Danes, Wind Turbines, and “Infralydens Fjender” (“Enemies of Infrasound”)

Apr 30, 2012

The following commentary was written in response to “Wind Power Horror Serenade” (Denmark)the Editor.
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—Simon

Having lived in Denmark for several years as an expatriate, I know that it takes a lot before Danes protest against something that is generally viewed as “good” for their country.  Danish society is consensus-driven and trust-based.  Danes see themselves as a “tribe” rather than as a multi-faceted society where different opinions and views co-exist and conflicts are therefore inevitable.

If some Danes take to drastic (and creative) measures like putting on a show about the horrors of wind power, you can be sure they have been pushed to the limit.

When Danes say “enough is enough,” they mean it.

Danes are tough people and they are not easily fooled.  They know a scam when they see one.  When Danes are taking to the streets to protest against a stupid idea, you had better pay attention, as they are usually right.

Faux (false) EURO currency?  Nope, the Danes were smart and stuck with their Kroners.  Investment Bubble?  The Danes have resisted the temptation of quick profits and now have a low 5% unemployment rate.  Compare this with 25% in Spain, where low interest rates and tax breaks resulted in impressive growth figures for a few years, but not much else.

Speaking of Spain, the EU paid for some wind “parks” there to “develop” the country.  When funding petered out, local governments couldn’t afford the maintenance and the turbines are now starting to fall apart.  So much for that “cheap” energy source myth.

Why, then, did those savvy Danes allow so many wind parks to be built in the first place?

There are several reasons, all connected to the way Danish society works.  Danes do (did) trust their government; they truly believe that decisions made by the administration in Copenhagen are in their best interest and, usually, they are (were) right.  This fits with the Corruption Perception Index, according to which Denmark and New Zealand are the countries wherein corruption is least likely to happen.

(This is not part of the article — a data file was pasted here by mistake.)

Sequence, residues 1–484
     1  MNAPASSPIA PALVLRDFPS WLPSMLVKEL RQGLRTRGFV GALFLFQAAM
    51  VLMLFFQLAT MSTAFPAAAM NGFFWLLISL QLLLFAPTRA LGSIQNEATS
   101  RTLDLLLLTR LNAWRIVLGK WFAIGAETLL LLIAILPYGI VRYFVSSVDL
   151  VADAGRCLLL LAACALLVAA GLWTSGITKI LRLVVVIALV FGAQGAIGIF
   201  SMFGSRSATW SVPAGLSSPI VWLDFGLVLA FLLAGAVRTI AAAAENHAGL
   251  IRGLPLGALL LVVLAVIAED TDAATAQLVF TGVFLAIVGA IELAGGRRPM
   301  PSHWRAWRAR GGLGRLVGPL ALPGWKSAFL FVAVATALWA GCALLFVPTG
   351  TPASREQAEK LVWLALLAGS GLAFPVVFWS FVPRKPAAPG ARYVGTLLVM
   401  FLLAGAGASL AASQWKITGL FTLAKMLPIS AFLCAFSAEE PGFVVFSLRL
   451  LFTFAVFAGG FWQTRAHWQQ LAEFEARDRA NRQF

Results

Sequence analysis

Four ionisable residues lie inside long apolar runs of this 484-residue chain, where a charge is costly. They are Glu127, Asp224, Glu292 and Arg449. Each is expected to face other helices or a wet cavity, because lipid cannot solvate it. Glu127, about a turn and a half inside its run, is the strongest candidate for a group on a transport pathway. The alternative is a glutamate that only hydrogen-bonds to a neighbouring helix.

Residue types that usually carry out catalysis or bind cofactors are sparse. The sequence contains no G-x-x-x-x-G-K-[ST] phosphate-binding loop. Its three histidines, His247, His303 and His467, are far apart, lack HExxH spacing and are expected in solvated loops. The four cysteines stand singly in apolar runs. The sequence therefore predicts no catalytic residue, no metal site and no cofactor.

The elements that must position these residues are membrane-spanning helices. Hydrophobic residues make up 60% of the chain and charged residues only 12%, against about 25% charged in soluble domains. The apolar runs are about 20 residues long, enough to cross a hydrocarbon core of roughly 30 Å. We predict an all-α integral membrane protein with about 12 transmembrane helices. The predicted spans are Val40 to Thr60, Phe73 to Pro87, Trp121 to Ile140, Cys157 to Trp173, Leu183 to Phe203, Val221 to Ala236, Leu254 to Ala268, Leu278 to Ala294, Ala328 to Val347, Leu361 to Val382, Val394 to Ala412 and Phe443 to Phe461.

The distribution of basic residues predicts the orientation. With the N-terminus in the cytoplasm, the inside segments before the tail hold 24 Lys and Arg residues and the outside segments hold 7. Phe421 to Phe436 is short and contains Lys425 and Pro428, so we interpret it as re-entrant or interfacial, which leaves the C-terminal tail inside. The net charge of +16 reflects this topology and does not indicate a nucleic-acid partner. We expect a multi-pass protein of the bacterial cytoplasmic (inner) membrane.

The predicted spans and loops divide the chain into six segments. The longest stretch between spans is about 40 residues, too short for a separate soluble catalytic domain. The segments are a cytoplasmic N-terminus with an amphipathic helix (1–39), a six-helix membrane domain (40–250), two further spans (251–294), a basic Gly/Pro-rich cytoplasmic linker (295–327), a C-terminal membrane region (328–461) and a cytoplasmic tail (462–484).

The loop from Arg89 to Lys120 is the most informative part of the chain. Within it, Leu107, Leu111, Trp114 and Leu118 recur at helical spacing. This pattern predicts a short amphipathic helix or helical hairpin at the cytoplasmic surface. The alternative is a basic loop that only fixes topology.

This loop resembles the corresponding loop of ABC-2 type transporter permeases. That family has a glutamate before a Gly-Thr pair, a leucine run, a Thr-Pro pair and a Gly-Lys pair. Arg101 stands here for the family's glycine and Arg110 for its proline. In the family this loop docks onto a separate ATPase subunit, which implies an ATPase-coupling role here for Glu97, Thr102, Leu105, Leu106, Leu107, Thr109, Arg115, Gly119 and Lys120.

At the same time, Danes are staunchly loyal to Danish brands and companies, again leading international rankings.  (There used to be an agency in NYC that published those figures annually.)  This behaviour is based on the traditional belief that “Danes don’t betray Danes”—a cornerstone of Danish society.

Now there is Vestas Wind Systems, based in Randers, Denmark—the world’s biggest manufacturer of IWTs (Industrial Wind Turbines).  Surely Vestas wouldn’t build something that’s bad for people!  Especially, as DELTA Dansk Elektronik confirmed in their study, EFP-06, that IWTs don’t emit any low frequency noise worth mentioning.  (Strange, though, that they withheld acoustic data recorded in homes near wind parks, from independent noise engineers.)

Can you see the conflict?  Opposing Vestas and the government in their plans to install IWTs has been “un-Danish” in the past.  Even if you had reservations, you didn’t speak up.  ”If it comes from Denmark, it is good for us Danes,” was the common belief.

That’s why wind developers met almost no resistance in the past.

Obviously, this is now changing.  Denmark is already suffering from widespread low frequency “noise pollution” because of a de-centralized system of “micro-power stations.”  It is so bad in some areas that Denmark was the first country to form a society against ILFN (Infrasound and Low Frequency Noise) pollution, called “Infralydens Fjender” (Enemies of the Infrasound).

Hence, when Danes realized that IWTs also emit infrasound at high levels, by golly they took action—at least the ones who were fed up with being brain-washed by Vestas and the government.

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Editor’s note:  See the following letter from the Infralydens Fjender group to the Danish Prime Minister.  (Click here for a lousy English translation.  Lousy, yes, nevertheless it gives you a good idea of what’s going on.)

 

  1. Comment by Dr Sarah Laurie on 04/30/2012 at 6:32 pm

    Dear Simon,

    Thank you for your informative piece, letter dated 2002, and the background information, dating back to the 1990′s. So much for there being “no problems in Europe,” as claimed by the wind industry in Australia repeatedly (see the following piece to view a panel of them on TV in Australia giving testimony at the Australian Federal Senate Inquiry into the effect of wind turbines: http://www.melbournepressclub.com/quills/2011/best-regional-or-rural-affairs-report-any-medium/cheryl-hall_730-report-abc)